Remnant 2: The Forgotten Kingdom DLC review

by on April 23, 2024
Reviewed On
Release Date

April 23, 2024


Remnant 2’s first DLC, The Awakened King, was a hard act to follow. Not only did it continue one of the best and most complete stories delivered in the main game’s fractured narrative, but it added to it in a way that felt organic, bringing back characters we already knew from Losomn such as the goddess Nimue. The second DLC, Remnant 2: The Forgotten Kingdom returns us to Yaesha and pits us against another goddess – only this time it doesn’t feel quite as well connected.

This time around you can select The Forgotten Kingdom One Shot Adventure to be dropped into the Glittering Grotto. Instantly, it feels less magical than The Forlorn Coast, missing that almost iconic musical sting and lacking the immediate crumbled grandeur of the Dran city. But Yaesha is a very different world, one of bioluminescent forests, stalking beasts, and natural magic. Here you’ll join “Walt”, a Pan archaeologist obsessed with uncovering the truth about his lost tribe.

Remnant 2: The Forgotten Kingdom

The plot involves Lydusa, one of the trio of demigod sisters you dealt with before (Kaeula and Maedra), who asks that you restore her form – a form that was “shatter-split” when she suffered a great tragedy. The Forgotten Kingdom is low on story, and the main plot is over and done in a couple of beats. It took me around 6 hours to play the entire adventure the first time, which is about standard for any Remnant 2 adventure, and I was being quite thorough.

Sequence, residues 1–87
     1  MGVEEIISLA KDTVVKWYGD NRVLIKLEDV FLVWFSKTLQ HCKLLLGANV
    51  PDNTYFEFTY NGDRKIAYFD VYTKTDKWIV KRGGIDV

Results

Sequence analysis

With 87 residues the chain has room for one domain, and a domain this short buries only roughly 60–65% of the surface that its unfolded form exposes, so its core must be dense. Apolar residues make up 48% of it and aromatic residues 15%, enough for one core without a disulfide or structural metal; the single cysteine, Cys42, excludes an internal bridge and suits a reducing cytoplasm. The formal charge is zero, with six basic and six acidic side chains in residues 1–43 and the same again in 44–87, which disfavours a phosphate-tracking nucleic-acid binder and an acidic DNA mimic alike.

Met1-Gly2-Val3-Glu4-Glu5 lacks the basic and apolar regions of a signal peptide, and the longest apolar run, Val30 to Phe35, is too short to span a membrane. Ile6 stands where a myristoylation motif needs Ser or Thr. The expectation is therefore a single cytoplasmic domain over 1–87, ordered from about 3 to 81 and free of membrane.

Once again, Gunfire Games has rammed these new dungeons full of secrets and puzzles, several of which I still haven’t solved. The ones I did solve rewarded me with new rings, weapons (including a kick-ass crossbow and a rifle that fires a beam of concentrated sand and is almost certainly going to be nerfed), new armour sets (of which I found two), and other items. The puzzles here are more or less what you might expect, with a few stand-out areas.

Remnant 2: The Forgotten Kingdom

The Proving Grounds takes the trap systems from The Lament dungeon and absolutely runs with them, filling the place with fiendish physical death-traps that took me a while to get through. There are also several new bosses, of which the Stonewarden is my favourite. Lydusa has created an army of stone monsters, and he’s the leader, forcing you to fight him in a coliseum surrounded by other living statues. It’s an interesting fight, but on standard difficulty none of the new bosses are too tough.

Perhaps the biggest draw for Remnant 2: The Forgotten Kingdom is the new Invoker Archetype, which comes with its own set of armour and signature melee weapon (if you can find them). It’s a class that calls upon the powers of nature to damage enemies – if you can find it. The Invoker is hidden deeper than the Ritualist was, and you’ll need to put in a little work to find it. In honesty, there’s a concern that Gunfire Games might be pushing the “master of secrets” thing a bit too far with this one.

Remnant 2: The Forgotten Kingdom

But that’s what we come to Remnant 2 for, isn’t it? Few games capture the thrill of exploration and experimentation like Remnant 2. It’s unique in the way it presents its worlds and challenges, and The Forgotten Kingdom is no different. The new locations are beautiful, the forests of Yaesha stunningly lit, riddled with waterfalls and ancient ruins.

The additional story here might not feel as integral as The Awakened King did, but The Forgotten Kingdom still does some interesting things with the greater lore, introducing what could even be the big bad of a future expansion or instalment and hinting at the greater universe. Or it could be all red herrings, who knows? Either way, Remnant 2: The Forgotten Kingdom remains a worthy addition to the main game and a solid, if less exciting, successor to the Awakened King.


Great new puzzles
New enemies and bosses are interesting
New Invoker Archetype is cool


Story is a little flat
Doesn't feel different to the Yaesha we know

Editor Rating
Our Score


In Short

Remnant 2: The Forgotten Kingdom remains a worthy addition to the main game and a solid, if less exciting, successor to the Awakened King.